Welcome to my
first e-update of 2016! I trust you and your family had a blessed holiday
season celebrating with family and friends. While 2015 was a great year, I
am excited for a fresh, new opportunity to make a difference for you in
please continue to contact me with any questions or concerns. I received
many constituent contacts last year- nearly 1,500 emails, phone calls and
letters! Thank you for all your input, thoughts and encouragement. It is an
honor to serve you.
i4Learning Tour in Kewaskum
Last Wednesday, Lieutenant Governor Rebecca
Kleefisch, Senator Stroebel and I visited
i4Learning Charter School
i4Learning began in 2015, and is one of many
charter schools in the state that are changing the face of traditional,
"cookie cutter" K-12 education with project-based learning and grouping
students according to their subject progress, rather than by age.
I believe that as a state, we will
develop a strong workforce and skilled leaders when we promote
traditional K-12 teaching methods in conjunction with newer, more
contemporary, project and skills-based models.
Further, it is imperative that our local
technical colleges partner with schools, including late elementary and
middle schools, to allow some hands-on learning in the careers that are
promoted through local businesses and manufacturers.
It was great touring the i4Learning
facility. Thanks to all the students, faculty and staff for making this
School Zone Bill Circulated
Senator Mary Lazich (R-New Berlin),
Rep. Rob Brooks (R-Saukville) and I circulated a proposal for co-sponsorship
that would give schools the ability to allow concealed carry permit holders
to carry concealed weapons on school grounds.
LRB-1820 falls in line with the spirit of the federal Gun Free School
Zones Act, signed in 1990 by then President Bush. Most states allow teachers
with concealed carry permits to carry their firearms if they are granted
permission from the school board or authority.
According to the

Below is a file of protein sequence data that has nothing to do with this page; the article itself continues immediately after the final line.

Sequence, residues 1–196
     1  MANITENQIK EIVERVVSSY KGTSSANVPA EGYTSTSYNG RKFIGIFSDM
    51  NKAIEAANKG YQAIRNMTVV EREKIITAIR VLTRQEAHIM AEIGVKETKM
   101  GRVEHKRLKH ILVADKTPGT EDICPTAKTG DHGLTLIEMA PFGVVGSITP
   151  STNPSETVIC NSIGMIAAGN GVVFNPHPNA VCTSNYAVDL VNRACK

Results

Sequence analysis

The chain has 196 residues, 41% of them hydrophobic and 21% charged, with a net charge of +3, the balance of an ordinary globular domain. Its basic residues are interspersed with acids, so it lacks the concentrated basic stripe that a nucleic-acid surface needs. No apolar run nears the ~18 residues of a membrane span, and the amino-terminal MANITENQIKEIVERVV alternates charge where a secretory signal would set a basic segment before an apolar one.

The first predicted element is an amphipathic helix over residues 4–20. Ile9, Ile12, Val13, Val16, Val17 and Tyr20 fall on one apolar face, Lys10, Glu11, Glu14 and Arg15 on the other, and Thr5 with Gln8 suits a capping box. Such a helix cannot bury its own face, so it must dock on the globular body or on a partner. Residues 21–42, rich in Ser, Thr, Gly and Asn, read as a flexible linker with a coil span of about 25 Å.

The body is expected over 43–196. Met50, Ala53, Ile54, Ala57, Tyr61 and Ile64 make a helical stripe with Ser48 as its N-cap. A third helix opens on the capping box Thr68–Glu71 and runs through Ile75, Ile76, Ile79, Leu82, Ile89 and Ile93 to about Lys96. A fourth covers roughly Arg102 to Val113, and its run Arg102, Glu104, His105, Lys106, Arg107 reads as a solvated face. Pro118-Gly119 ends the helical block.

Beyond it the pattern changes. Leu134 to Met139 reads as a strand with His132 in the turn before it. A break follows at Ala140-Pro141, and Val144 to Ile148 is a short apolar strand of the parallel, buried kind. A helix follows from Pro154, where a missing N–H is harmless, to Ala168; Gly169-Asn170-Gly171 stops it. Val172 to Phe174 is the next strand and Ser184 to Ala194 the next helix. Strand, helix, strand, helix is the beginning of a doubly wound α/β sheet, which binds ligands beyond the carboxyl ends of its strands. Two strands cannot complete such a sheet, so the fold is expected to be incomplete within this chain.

Law Center to Prevent Gun Violence, 39 states prohibit concealed carry
permit holders from bringing firearms to K-12 schools; however, there is a
movement in several states - North Dakota, Wyoming and Colorado - to enact
North Dakota Representative Dwight Kidfert
stated, "The reason it's necessary [to allow concealed carry in schools] is
we have rural schools that are 30 miles away from law enforcement, so we are
tyring to address the response time [to a potential shooting]. Because by
the time law enforcement gets there, it won't be a rescue anymore."
The Washington D.C. Police Chief Cathy Lanier
stated recently that, "your options are run, hide or fight. I always say if
you can get out, getting out is your first option, your best option. If
you're in a position to try and take the gunman down, to take the gunman
out, it's the best option for saving lives before police can get there."
Chief Lanier's plain words speak to the fact
that in an active gunman situation, you may not be able to run, hide or
fight. Allowing our school personnel to legally carry concealed weapons will
hopefully prevent the next horrific school shooting from becoming a reality.
Click here to read my press release.
On Tuesday, the Assembly passed a package of
bills authored by
John Nygren (R-Marinette) referred to as the
HOPE (Heroin Opiate Prevention & Education)
agenda. The package passed by the Assembly includes the following bills:
changes the requirement for those who dispense certain prescription
drugs to submit information to the PDMP from 7 days to 24 hours. It will
also require a
practitioner to review a patient’s record when initially prescribing a
monitored prescription drug (for
example, a Schedule II drug).
This bill states that when law enforcement encounters an
inappropriate use or an infraction of the law concerning scheduled
drugs, they upload that information into the PDMP and have the PDMP
notify the physician. There are exceptions for on-going
gives the Department of Health Services (DHS) oversight over the
operation of pain management clinics across the state. The
department’s oversight would not be regulatory, but would be a way
of providing safeguards so “pill mills” don’t pop up in our state.
requires methadone clinics to gather data such as staffing ratios,
the number of patients receiving behavioral health services with the
medication, and average mileage an individual is traveling to come
to a clinic. This information will then be reported to DHS on an
annual basis to give public health and treatment professionals a
chance to analyze outcome data.
I am proud to have supported these bills in
committee and on the Assembly floor. They now await action in the
Criminal Justice and Public Safety Committee passed
(also known as "Alicia's Law"). This bill will attempt to provide more
resources for law enforcement when investigating Internet crimes against
children. Passage was nearly unanimous, with only 2 Democrats voting